Using my crosshair laser and my digital level (standing on end at 90o), I can establish the foremost point of my wheel pants and its leveled aft end position as well. It turned out that the nose tip is level with the upper tip of the tail (shown). This is an important dimension because the wheel pants need to be mounted to a pre-determined angle relative to the fuselage. I also confirmed my laser level lined up to the pre-marked cross-hairs.
Once I got the wheel pants lined up, I used a couple dabs of hot glue to hold the two halves in place. Then I drilled and attached them better with 3 clecos each for now.
Here's some of the dimensions I got with my set of Sam James Pants and Matco Brakes/Tires:
- Maximum height (pants) = 12"
- Inside width (pants) = 8.5"
- Height of forward tip of pants above floor = 6.375"
- Maximum tire height = 13.25"
- Width between outboard of tire to inboard axle mounting plate = 7.5".
As you can see, the bottom of the pants will be 1.625" (13 1/4 + 3/8 - 12) above ground - the pants seem a bit short to me. However, the width of the pants seems to be adequate to accommodate the Matco brakes - don't know the reason for the warning from some Cozy builders? Guess I will find out in good time...
Wheel Pants Mounting Criteria
Before the mounting process, I visited the Cozy archives and talked to a few Cozy builders regarding instructions and the do's and don'ts. Here's what I gathered for the mounting criteria:
Wheel pants should be parallel to the wheels / center line of the fuselage. Technically, they are not the same. Remember when you mount the wheels, its supposed to be .4 degree toe in, but they are so close to the wheels, it will be hard to tell. Regardless, I decided to set the pants parallel to the fuselage because its more critical in flight;
The maximum height location of the wheel pants should line up to the wheel axle because that's where the highest point of the tire is located;
There should be a clearance of ~3/8" between the top of the tire and pants;
Horizontal level of pants should be ~2o nose down relative to fuselage level;
There should be a minimum of 1/4" clearance between tire sides and pants sides (Cozy archives indicated 1/2" - 1").
Wheel Pants Anchor Nut & Outboard Attach Point
The wheel pants need to be bolted in place once they are seated. Van's Aircraft sells a wheel nut that is a combination of wheel nut (replace our Matco brake axle nut) and wheel pant nut plate for $14 each. It is a worthwhile purchase because it helps in mounting the pants and eliminates the need for drilling and tapping into the end of our Matco axle.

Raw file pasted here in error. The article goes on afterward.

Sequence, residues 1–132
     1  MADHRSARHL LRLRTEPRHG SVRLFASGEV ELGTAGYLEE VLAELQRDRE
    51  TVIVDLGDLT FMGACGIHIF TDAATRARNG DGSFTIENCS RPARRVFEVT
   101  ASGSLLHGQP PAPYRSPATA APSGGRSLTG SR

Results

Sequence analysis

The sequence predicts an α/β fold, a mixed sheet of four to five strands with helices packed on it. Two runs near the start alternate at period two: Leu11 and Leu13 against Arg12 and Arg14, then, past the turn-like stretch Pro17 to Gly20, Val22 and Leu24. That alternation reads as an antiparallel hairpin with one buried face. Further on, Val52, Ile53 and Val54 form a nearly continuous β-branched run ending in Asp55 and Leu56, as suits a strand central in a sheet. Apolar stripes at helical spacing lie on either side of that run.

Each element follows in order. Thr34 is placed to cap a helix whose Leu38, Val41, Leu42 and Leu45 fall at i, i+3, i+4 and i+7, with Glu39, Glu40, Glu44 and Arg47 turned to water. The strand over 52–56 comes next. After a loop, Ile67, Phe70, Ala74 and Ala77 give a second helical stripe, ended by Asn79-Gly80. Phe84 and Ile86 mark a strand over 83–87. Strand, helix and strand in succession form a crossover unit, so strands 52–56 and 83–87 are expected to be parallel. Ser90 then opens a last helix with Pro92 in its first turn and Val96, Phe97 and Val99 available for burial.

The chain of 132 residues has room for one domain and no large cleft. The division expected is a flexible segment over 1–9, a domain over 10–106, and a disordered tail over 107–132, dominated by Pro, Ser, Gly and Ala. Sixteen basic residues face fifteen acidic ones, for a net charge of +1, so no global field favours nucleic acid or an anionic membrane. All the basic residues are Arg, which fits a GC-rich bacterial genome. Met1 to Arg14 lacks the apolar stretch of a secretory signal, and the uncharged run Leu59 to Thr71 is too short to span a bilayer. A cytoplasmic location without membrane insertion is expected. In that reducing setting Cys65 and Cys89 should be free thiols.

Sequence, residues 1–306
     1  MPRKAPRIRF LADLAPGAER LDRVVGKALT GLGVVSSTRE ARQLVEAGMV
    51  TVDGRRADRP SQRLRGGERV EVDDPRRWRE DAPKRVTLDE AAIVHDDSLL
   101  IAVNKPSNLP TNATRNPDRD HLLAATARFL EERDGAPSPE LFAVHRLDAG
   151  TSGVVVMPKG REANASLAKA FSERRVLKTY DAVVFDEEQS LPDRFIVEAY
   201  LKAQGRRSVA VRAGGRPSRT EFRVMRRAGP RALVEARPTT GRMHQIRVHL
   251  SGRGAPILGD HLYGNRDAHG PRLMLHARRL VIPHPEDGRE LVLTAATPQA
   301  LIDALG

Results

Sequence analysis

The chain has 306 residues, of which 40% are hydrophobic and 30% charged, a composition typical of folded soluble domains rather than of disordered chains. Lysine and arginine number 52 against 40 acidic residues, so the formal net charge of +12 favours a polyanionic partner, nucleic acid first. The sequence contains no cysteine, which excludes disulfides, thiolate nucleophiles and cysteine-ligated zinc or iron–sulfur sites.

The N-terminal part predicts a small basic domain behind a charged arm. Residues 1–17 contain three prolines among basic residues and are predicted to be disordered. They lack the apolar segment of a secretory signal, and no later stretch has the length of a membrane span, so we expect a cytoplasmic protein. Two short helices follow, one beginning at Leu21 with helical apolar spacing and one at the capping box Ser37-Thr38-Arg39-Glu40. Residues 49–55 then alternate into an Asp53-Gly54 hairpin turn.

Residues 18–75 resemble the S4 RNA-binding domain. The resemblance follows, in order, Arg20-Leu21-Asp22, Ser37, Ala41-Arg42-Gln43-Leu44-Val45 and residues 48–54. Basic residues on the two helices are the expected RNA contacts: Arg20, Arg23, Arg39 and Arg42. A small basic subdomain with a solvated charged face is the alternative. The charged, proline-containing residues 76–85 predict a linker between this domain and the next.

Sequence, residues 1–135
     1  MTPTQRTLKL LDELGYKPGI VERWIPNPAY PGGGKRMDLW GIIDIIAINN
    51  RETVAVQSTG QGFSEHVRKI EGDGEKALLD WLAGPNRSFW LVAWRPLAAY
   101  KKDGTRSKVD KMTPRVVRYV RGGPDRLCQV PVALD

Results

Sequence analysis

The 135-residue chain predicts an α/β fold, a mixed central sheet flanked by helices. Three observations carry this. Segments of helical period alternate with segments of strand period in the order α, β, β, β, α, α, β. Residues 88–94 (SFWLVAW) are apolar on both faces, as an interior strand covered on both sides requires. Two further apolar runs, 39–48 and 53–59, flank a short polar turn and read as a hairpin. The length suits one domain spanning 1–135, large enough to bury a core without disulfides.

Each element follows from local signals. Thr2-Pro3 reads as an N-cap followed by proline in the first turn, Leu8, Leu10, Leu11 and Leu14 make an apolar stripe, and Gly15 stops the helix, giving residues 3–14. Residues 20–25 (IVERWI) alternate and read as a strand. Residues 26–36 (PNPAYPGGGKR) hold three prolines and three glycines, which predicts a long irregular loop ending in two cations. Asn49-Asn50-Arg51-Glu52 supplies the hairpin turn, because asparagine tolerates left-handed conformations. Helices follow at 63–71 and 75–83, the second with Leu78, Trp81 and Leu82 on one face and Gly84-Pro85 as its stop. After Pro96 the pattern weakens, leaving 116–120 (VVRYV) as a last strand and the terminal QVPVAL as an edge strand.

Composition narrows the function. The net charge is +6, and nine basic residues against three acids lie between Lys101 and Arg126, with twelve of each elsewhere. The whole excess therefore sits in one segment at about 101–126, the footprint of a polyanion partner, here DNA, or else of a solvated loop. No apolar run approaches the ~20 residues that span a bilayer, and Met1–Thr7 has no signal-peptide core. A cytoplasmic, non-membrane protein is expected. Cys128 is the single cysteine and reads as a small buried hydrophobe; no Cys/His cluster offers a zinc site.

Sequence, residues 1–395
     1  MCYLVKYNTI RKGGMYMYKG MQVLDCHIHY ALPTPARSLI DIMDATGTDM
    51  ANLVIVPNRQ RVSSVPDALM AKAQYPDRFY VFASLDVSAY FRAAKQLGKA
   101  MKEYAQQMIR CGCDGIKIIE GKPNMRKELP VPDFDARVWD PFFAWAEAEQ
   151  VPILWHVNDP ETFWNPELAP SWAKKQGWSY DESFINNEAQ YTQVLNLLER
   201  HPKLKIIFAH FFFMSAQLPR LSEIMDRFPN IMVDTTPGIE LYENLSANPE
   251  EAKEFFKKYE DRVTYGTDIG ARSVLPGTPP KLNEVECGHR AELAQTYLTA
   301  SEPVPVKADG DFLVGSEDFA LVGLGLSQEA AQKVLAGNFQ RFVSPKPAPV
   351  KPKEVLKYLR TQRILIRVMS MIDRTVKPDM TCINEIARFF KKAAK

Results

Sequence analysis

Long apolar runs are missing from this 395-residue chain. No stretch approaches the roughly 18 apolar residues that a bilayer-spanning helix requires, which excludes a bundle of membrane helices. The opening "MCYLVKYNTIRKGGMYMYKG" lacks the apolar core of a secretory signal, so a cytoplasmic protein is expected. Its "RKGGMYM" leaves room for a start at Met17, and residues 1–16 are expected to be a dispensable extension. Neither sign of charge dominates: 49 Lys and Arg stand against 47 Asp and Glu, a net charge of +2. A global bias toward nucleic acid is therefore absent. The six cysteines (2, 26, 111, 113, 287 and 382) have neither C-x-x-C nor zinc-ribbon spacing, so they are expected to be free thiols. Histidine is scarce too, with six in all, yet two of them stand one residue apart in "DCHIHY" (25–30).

Without further ado, I replaced my original axle nuts with the new pair. I used a straight edge and measured the protrusion of the new anchor nuts from the surface of the tires. It turned out to be 9/16". That means, if I bolt the outboard face of my wheel pants to the face of these anchor nuts, I should have 9/16" spacing between the side of the tires and wheel pants.
[Hindsight] Wayne Hicks pointed out to the group that the flat surface of the Van's Axle nuts may not be able to keep the washer centered. If that occurs, the washer may rub against the wheel hub - a potential hazardous situation - a good observation and good call!
To counter that safety issue, I took the axle nuts and turned a groove at the contact surface just enough fit into the ID of the washer, yet just a hair less than the thickness of the washer, thus keeping it from moving 'out of center'.
Establish Aircraft Center Line
I raised the nose of the fuselage to 2o up. I assume its the standard cruising configuration. I also hot glued a couple of wood blocks between the wheels to keep the plane from moving. Then I dropped a plumb line from the (aircraft) nose tip and firewall centerline onto the floor. With masking tape and laser, I drew the center line of the fuselage on the floor below. With a cross-hair laser, I projected a perpendicular line from the center line to the back of both wheels. With the cross-hair laser again, I projected another line along the side of the wheels and parallel to the center line.